The patterns to generate the glyphs are usually stored in ROM (though sometimes RAM) and looked up by address. If the screen code directly encodes the (usually low portion of) the address in some of its bits this makes simpler the hardware doing the lookup of the glyph from the screen code. This is desirable to reduce both the hardware cost and the complexity of the system. (The reason cost reduction is desirable is obvious. Reducing complexity reduces the time spent on design and debugging and also reduces the chance that a bug will go out in the final product.)

This tends to make screen codes map fairly closely to the hardware used to generate the glyphs. For example, if there are 64 glyphs available in the system (typically numbers, punctuation and upper-case letters), they're likely to be stored at addresses whose lowest six bits are hexadecimal $00 through $40 (binary xx000000 through xx111111).

You'll note a difference if you compare the above to the ASCII character set encoding, where this range, with all the bits above the lowest six set the same, covers either: - the (non-printing) control characters, punctuation and numbers ($00-$40), with no letters at all, or - the upper case and lower case letters (and a bit of different punctuation), with no numbers at all.

Character Codes

Character codes have two characteristics that are generally different from convenient screen code numberings as described above.

First, they almost invariably have non-printing control characters which, instead of requesting that a glyph be printed, request some other action on the part of the printing device. For example, in ASCII the LF ($0A) character generally indicates to a printer or screen that it should print subsequent characters on the next line.¹ Control characters are also often used as instructions to code that is processing characters; ASCII NUL ($00) is often used to signal the end of a string, for example.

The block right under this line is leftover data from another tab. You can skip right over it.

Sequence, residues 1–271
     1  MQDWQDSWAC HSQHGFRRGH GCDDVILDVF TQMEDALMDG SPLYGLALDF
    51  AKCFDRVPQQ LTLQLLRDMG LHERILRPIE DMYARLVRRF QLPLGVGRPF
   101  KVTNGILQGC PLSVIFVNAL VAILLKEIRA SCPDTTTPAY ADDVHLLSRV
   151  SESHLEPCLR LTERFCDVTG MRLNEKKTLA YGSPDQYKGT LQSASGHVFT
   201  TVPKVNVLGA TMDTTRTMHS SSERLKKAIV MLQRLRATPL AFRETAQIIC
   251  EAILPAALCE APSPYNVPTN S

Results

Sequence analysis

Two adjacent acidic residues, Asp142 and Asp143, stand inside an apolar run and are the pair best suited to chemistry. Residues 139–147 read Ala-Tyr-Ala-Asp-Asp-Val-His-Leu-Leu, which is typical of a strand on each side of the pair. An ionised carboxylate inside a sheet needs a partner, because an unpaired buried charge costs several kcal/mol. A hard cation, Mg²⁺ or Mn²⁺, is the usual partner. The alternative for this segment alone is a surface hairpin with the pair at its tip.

Control characters are unnecessary in screen codes, however, and a non-printing code simply wastes space in the list of screen codes.

Second, it's common to want to use a standard character set and encoding (e.g., ASCII or Unicode UTF-8) for compatibility and easy data interchange with other systems.

Using a standard fixes the codes you can use, and often in a way inconvenient for use as screen codes, as we saw with ASCII in the previous section.


So, for the reasons described above, generally screen codes are easier to do in one way, and character codes in another. Fortunately this is not difficult to handle: most microcomputers provide a small routine that will convert character codes to screen codes. A routine to "print a character" is generally wanted anyway, since it lets commonly used logic such as "print a character just after the last one printed on the screen" be handled in one place (which also avoids co-ordination problems between different routines that both print), so adding this conversion is usually a trivial cost.

¹This is a simplified example; what the control characters do is often far more complex and system-dependent than described here. But the general idea is the same.